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Are dietary habits linked to religion? And if yes, can technology change that perception?
Even as Gujarat and other states strive for vegetarianism and want to end non-vegetarianism simply because it involves killing animals, science & technology have made it possible to produce mutton, fish and chicken meat for burger patties in labs using three-dimensional printing technology. In another five years we could be doing the same in India at food outlets. Right now, all we have to do is to address our prejudices.

Even as the drive against slaughter houses – the illegal ones, is underway in states like Uttar Pradesh and Jharkhand – the need for slaughter could ultimately dissipate and the world could switch over to procuring its food from other sources. This model of civilisation and sourcing of food is based on a system which did not exist 15,000 years ago and came into being when humans colonised the tract between the Tigris and the Euphrates to create the civilisation of Mesopotamia in Babylon.

Humans who were earlier hunters and gatherers became farmers and protectors of farmers, which later resulted in several forms of governance ranging from bloody dictatorships and monarchies to benevolent democracies and even the knights of the round table under Arthur and the senate under Athens. Even Rome was founded as a democracy in the quest for food by hungry twins who suckled a female wolf to remain alive. In fact, the quest for food and the rise of the political establishment in the world is closely related. Therefore, it is not surprising that food and politics are closely related.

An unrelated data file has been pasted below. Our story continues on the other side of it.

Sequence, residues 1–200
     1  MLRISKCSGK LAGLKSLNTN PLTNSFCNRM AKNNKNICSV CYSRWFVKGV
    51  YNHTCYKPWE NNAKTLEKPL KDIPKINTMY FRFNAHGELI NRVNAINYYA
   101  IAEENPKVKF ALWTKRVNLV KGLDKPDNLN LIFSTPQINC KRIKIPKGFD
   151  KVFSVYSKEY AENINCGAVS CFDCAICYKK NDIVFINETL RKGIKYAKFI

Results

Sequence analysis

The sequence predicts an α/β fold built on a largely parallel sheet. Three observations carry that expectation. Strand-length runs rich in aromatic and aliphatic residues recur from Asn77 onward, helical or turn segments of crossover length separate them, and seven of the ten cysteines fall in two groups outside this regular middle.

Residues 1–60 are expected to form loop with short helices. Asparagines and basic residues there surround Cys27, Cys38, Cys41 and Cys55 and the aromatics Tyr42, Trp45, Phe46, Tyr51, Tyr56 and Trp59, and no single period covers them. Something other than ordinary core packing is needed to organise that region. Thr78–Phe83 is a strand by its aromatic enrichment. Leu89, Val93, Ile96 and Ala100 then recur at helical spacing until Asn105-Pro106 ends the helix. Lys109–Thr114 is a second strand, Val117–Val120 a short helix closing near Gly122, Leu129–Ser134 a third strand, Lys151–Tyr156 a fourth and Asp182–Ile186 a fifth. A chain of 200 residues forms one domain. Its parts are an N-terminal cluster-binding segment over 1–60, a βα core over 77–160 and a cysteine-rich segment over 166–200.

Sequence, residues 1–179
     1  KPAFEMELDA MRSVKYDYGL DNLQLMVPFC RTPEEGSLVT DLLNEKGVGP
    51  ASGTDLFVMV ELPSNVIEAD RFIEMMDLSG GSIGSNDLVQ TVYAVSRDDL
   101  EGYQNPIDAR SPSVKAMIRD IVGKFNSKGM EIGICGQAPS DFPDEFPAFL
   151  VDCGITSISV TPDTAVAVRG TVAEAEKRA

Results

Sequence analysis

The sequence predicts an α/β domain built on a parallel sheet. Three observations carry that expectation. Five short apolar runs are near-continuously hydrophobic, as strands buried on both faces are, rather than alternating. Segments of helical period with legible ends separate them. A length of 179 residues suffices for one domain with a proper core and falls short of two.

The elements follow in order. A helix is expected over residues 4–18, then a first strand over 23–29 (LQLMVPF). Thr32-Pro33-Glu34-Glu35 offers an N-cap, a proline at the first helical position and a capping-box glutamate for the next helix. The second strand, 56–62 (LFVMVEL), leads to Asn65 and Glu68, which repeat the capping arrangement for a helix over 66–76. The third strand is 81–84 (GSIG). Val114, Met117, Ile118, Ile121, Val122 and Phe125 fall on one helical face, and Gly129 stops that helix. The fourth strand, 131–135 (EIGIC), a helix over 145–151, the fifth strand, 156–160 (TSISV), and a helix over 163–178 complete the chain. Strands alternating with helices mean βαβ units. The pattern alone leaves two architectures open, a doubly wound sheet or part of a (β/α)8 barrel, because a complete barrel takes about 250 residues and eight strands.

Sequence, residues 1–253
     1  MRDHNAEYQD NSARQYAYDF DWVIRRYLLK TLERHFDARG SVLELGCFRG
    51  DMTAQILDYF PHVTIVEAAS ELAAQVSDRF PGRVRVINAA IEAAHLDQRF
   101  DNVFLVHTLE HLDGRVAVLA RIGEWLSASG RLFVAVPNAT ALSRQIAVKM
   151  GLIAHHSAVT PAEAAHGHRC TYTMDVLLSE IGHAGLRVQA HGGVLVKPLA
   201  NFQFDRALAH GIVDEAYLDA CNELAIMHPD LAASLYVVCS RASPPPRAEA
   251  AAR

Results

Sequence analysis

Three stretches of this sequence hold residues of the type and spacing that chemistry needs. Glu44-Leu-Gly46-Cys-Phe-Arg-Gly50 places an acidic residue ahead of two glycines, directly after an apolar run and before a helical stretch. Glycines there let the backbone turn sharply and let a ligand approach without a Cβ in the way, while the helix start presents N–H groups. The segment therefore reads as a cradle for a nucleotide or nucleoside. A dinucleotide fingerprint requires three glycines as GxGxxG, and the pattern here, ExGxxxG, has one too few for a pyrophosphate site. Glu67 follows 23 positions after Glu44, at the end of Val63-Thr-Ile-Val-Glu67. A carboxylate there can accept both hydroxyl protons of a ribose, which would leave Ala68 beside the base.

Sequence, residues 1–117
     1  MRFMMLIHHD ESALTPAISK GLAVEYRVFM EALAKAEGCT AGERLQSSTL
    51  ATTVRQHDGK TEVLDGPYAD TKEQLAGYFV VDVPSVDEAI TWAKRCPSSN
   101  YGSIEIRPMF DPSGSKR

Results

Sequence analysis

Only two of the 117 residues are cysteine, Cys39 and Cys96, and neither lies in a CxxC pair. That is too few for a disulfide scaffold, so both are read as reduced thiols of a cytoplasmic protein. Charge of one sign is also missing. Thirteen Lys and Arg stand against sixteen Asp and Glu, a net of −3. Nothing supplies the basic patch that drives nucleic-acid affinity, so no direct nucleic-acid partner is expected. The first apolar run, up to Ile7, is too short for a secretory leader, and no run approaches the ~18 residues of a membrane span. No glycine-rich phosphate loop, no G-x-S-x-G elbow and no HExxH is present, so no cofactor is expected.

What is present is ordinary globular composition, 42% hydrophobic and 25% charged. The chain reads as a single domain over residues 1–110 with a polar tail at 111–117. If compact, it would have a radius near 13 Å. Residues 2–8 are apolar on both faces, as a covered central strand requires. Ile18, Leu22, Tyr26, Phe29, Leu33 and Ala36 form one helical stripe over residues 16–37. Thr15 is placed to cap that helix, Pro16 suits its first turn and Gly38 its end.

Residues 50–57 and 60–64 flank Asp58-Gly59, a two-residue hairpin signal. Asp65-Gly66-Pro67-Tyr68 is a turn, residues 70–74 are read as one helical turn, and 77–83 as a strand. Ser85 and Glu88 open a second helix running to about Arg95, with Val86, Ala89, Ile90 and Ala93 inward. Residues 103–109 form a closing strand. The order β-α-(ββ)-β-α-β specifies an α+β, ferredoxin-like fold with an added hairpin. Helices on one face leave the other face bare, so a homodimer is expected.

There are several Hindus who are under the belief that all Muslims are non-vegetarians and that all Hindus shy away from consuming mutton, chicken or fish. There are others who firmly believe that Christians too are non-vegetarians.

Those who believe all Muslims are non-vegetarians could be in for a shock just as I was shocked once when I went for lunch to a Muslim household. The host was vegetarian; his wife did cook non-vegetarian food but did not eat it and preferred to eat gourds and other vegetables. Prophet Mohammad, he told me, was an avid fan of gourds like lauki and categorically said that althoughcow's milk was good for health, but its meat wasn't, meaning it should be avoided at all cost if one wants good health. This Muslim gentleman was from Motihari in Bihar and very well connected. There are few people in my family, he said, who do eat fowl, but only birds like ducks etc as they are suspicious of red meat and will not eat it fearing that it might be beef.

Indians are very fastidious about what they eat and as an Indian becomes more prosperous, he shifts to vegetarianism or eating white meat like fish and chicken only. This applies to Muslims too and it is the poorer sections in both communities that eat red meat, as it is cheaper to white meat in comparison.